“We can also automatically integrate path tracking to track where the experiment participants are going in the buffet and actually see what they are looking at,” said Masterson. “For example, did they pick up the vegetables first? When did they pick up the vegetable? How long did they interact with the food? So, you can automatically gather these cool behavioral metrics to really understand what’s the process that’s going on here.”

Masterson, who is an ICDS affiliate and the director of the Health, Ingestive Behavior, and Technology Lab, said that VR also has limitations. He added that his collaboration with CIE has helped him understand those limitations, while refining his approach in using immersive technologies for the right reasons, he added.

“They helped determine what questions were best asked and answered using VR, rather than just randomly using this tool,” said Masterson. “It’s so easy just to use VR because you think it’s cool. What they really showed me was don’t just do it because it sounds cool, do it because it’s going to get at this very specific problem in your field, or in a very niche issue.”

For Masterson, the work with CIE, which was backed, in part, by a Social Science Research Institute grant, is already generating research papers and ideas for further funding opportunities.

VR and unlimited outreach

Tom Murphy, co-director of the Marcellus Center for Research and Outreach, is also working with CIE to find new ways to tap immersive technologies for outreach. The center is a Penn State energy education and research initiative dedicated to expanding research, advancing technology and providing science-based programming for energy resources that advance environmental protection, economic stability and energy security.

The technology is helping the center break geographic boundaries so they can reach an array of audiences, from the general public to elected officials who are located across Pennsylvania, in neighboring states and around the world. Recently, Murphy and CIE staff created a way to use immersive technology to tour energy production sites.

“What we tried to do with our immersive VR products is to take the experiences we have at an energy production facility and convey that to the different stakeholder groups that we work with,” said Murphy. “What we’re trying to do is take them into places that they may never get to by themselves. They might not be able to get there for a variety of different considerations, such as security- or health-related issues or just sheer distance. This is a way to take them out to those locations and immerse them in what these sites look like, so they can make good decisions when they think about energy production going forward.”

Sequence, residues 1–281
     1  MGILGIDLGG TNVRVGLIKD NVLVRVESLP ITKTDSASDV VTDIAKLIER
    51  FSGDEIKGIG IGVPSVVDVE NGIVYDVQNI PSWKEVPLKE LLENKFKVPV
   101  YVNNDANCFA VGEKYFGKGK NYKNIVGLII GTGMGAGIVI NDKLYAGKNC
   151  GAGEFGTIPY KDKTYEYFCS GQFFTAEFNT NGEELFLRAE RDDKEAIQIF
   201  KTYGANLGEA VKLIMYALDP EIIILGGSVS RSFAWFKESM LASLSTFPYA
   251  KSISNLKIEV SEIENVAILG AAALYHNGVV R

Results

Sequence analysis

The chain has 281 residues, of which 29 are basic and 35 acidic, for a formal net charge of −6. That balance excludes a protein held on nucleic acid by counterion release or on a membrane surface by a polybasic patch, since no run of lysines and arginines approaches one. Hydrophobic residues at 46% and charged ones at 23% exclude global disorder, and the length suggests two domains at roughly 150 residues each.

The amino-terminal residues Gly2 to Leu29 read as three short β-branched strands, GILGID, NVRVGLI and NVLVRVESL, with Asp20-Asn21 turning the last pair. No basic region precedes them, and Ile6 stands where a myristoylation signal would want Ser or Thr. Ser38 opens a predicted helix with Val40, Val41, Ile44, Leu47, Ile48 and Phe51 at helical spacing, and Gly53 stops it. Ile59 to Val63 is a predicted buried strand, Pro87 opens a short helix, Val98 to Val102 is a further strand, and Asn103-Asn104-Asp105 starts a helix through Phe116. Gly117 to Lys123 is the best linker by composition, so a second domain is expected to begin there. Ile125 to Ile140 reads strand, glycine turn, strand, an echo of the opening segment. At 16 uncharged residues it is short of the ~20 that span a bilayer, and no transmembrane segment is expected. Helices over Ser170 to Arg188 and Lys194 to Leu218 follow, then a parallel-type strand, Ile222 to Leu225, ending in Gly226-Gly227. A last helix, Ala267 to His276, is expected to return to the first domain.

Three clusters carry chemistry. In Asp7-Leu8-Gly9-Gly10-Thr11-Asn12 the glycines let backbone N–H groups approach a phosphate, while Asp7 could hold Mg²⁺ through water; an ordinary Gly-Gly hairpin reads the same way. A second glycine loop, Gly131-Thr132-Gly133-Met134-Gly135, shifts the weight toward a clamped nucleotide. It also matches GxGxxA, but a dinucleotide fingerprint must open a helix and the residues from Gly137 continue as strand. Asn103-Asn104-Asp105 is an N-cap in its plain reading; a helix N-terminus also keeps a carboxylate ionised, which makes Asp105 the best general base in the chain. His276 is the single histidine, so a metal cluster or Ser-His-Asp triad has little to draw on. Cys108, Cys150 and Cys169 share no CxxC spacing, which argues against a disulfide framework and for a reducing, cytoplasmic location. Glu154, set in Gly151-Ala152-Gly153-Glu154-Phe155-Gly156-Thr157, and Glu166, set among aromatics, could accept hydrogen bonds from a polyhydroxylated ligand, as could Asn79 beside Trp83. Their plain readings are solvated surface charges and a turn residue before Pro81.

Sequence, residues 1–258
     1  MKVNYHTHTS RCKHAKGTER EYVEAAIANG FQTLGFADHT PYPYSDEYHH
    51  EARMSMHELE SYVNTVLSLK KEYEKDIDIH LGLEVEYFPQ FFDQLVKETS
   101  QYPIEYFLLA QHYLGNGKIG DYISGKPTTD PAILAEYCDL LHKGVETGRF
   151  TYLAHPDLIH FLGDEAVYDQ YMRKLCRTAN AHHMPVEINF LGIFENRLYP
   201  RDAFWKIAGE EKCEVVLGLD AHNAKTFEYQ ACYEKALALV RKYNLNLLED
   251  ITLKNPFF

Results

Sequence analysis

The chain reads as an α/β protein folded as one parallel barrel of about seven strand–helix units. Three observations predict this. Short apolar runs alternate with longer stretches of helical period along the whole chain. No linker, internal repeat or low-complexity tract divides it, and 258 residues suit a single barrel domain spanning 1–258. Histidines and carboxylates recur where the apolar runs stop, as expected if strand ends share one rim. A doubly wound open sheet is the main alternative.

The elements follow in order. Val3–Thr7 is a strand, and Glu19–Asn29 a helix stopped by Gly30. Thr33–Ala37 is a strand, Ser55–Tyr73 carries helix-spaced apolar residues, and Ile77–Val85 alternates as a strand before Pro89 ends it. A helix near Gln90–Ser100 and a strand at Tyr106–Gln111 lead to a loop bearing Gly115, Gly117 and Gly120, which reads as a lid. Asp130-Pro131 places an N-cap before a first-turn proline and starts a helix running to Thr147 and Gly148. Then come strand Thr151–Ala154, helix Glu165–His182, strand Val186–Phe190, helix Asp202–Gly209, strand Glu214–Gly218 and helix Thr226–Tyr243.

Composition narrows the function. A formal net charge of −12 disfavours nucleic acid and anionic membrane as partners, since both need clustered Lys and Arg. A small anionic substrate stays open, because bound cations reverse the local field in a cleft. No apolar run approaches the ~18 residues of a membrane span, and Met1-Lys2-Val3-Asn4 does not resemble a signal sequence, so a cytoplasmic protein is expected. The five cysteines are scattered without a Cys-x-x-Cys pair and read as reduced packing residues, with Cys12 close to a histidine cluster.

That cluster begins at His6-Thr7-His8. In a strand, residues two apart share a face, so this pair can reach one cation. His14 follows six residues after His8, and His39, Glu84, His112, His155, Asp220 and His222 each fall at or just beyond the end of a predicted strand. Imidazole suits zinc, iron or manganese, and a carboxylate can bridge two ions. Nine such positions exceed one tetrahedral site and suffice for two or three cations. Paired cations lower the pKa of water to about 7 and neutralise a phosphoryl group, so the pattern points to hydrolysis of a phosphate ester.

Creating these experiences probably would not have come about without CIE, said Murphy.

“CIE has been wonderful in terms of bringing together specific expertise to be able to put together, in this case, virtual reality experiences, and then deliver that to our participants,” said Murphy. “They’re very good about bringing unique expertise in the technologies and then lending that technological expertise so that we can go out and deliver the products. They’re also very good about looking at other experiences, other technologies and other techniques that are being used around the globe, bringing them back to Penn State, and offering them to some of the constituencies that we have here in Pennsylvania.”

Murphy said his group plans to continue to work with CIE.

“It’s an incredible resource and it’s one that we will continue to tap and use in our ongoing energy outreach initiatives,” said Murphy. “Working with CIE is also something that I would highly advocate with my colleagues that are in the extension field and in the broader outreach efforts within the university system here, as well as some of the other universities with whom we partner on similar efforts. This is a unique product — and it’s a very unique center.”

You can visit here to meet the CIE team, or contact the team with questions or project ideas, here.